Sunday, 27 February 2011


27th Feb 2011

What does one do when a rampaging mob congregates outside your bedroom window at 2.00am on a Friday night?

Last week was a tough one for me. I was pressing on with a streaming cold and had been suffering from a string of interrupted nights, so I was really looking forward to a weekend at home and some serious sleep - but it wasn't to be.

All was quiet at 10.00pm but as the hours passed the volume from a small private party next door slowly grew louder. No real problem till 1.00pm, well within the bounds of neighborly give and take. Then suddenly things exploded, cars coming and going, raised voices bottles rattling down the gutters and fistfights on the driveway.

The final straw was the sight of the next door neighbour in tears with her friends vainly trying to restore order amidst a drunken mele of 30 or more young people. Action was needed - and fast.

I could have just called the police, but that didn't seem quite the Capt Ahab way to do things. Instead I shrugged on my clothes and stormed out into the midst of them, roaring for attention, demanding silence and pointing out that unless they "dispersed" immediately (a bit of French went in there) the police would be called. Amazingly, the hubub faded and half the mob evaporated instantly. The chief protagonist decided to offer some challenge but, having eyeballed the little git, I could see that whilst he wouldn't try and take me he wasn't about to run either.

So I made good my promise, called the police and lo and behold the cavalry arrived five minutes later causing the hard core remnant to vanish.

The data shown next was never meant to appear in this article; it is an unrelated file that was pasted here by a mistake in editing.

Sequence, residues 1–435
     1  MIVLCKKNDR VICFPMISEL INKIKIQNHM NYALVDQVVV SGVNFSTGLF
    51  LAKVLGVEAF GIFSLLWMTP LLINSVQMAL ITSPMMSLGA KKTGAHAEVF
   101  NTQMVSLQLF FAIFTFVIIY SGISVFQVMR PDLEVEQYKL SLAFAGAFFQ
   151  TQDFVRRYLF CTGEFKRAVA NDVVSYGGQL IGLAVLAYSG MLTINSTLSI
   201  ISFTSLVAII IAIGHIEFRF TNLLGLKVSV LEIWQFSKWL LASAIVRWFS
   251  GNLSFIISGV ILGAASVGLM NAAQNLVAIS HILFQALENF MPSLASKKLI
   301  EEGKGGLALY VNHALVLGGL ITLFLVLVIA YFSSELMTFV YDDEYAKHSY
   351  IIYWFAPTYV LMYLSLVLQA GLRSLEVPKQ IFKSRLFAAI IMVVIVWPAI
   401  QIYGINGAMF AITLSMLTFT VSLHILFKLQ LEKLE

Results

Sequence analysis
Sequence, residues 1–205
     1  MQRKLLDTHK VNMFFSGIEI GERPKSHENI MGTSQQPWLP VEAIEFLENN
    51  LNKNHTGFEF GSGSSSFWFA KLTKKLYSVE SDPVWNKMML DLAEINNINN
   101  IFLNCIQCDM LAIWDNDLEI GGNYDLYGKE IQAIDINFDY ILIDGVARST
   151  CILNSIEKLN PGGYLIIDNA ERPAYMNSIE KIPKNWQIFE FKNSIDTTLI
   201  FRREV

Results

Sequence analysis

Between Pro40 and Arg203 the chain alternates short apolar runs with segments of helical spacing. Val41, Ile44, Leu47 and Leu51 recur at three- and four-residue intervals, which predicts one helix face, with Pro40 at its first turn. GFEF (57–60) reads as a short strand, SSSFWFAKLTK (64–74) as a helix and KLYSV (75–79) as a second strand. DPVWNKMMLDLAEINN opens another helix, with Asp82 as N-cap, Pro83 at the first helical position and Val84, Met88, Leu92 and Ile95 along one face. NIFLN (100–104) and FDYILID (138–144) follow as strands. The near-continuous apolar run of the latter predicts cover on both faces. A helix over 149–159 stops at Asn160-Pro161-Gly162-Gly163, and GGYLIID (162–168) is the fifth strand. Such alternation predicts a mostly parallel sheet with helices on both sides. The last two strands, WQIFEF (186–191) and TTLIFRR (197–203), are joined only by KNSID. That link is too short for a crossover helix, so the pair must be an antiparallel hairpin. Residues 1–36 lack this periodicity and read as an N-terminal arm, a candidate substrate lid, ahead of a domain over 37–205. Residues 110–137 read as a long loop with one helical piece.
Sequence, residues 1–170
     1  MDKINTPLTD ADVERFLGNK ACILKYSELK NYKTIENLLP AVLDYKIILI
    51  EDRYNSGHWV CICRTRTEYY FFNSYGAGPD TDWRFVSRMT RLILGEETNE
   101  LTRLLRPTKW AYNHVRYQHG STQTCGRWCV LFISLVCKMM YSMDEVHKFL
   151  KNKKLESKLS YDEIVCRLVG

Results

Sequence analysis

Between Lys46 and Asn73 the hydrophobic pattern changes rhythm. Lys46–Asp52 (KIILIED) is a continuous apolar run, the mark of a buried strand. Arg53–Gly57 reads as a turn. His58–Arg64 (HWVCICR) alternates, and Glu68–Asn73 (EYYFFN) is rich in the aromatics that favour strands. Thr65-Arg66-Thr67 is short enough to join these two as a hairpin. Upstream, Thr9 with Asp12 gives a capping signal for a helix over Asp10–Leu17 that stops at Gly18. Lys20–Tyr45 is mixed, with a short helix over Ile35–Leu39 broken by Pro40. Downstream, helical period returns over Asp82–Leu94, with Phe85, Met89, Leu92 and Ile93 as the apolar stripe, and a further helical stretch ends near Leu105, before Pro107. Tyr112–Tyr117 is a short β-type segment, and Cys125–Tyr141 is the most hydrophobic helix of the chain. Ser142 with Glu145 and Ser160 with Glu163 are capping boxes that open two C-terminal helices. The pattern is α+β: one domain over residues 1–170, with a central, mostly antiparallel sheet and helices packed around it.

It really want the fault of my neighbour. A little argument is broadcast on Facebook and next thing you know battle lines are drawn between two tribes who assembled in minutes. Scary stuff.

Maybe I was a fool to take direct action but it seemed the right thing to do at the time.


Paul said...

You risk assessed, considered options, had a back up plan

well done you!

Captain Ahab said...

I seem to remember a similar sequence of assessment from my DofE Assessor training. I must have learned something.

nbchance said...

Well done you, when I first read your blog headline, I thought you had had the trouble whilst on the boat! Glad you are OK, its always a worry whether to tackle these yobs or not, you don't know what they may do.

Anonymous said...

Adrenaline is a wonderful substitute for common sense :-)

Honestly though, I do admire you for helping out - I hope that if I saw someone in trouble I'd have the courage to get involved rather than walk away or hope that someone else would take care of it...

Sue, nb Indigo Dream

Nb Caxton said...

I am not of the 'turn a blind eye/deaf ear' ilk so I applaud your action - well done Andy!